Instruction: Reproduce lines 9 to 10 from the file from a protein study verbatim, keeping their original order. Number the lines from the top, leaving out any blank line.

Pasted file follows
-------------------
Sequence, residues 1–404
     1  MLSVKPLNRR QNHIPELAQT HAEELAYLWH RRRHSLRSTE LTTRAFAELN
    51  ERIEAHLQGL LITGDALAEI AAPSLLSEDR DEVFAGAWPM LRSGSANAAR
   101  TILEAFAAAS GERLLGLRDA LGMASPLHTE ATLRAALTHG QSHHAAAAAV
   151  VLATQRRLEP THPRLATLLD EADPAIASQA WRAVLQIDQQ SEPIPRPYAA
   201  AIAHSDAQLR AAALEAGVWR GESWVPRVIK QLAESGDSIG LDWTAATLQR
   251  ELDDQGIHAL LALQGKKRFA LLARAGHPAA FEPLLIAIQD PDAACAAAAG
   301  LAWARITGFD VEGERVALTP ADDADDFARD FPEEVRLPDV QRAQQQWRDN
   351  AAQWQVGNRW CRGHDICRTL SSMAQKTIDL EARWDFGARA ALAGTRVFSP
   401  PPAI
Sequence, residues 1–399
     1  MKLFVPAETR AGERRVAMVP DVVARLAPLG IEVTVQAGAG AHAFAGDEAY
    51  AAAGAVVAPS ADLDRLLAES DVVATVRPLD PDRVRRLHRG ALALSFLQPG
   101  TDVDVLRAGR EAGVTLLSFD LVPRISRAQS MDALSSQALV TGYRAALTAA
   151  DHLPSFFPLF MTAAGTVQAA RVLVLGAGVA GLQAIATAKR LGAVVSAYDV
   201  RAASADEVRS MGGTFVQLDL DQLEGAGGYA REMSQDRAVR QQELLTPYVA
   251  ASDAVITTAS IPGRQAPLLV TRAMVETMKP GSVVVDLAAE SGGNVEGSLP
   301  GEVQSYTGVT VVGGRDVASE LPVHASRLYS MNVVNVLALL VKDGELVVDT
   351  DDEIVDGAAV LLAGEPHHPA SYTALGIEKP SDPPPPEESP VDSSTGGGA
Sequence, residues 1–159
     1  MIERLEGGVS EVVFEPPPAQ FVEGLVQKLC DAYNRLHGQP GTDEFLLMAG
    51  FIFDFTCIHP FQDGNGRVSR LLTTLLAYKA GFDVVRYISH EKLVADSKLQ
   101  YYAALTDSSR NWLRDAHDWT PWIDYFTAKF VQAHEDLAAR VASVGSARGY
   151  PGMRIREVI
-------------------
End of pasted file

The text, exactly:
   351  AAQWQVGNRW CRGHDICRTL SSMAQKTIDL EARWDFGARA ALAGTRVFSP
   401  PPAI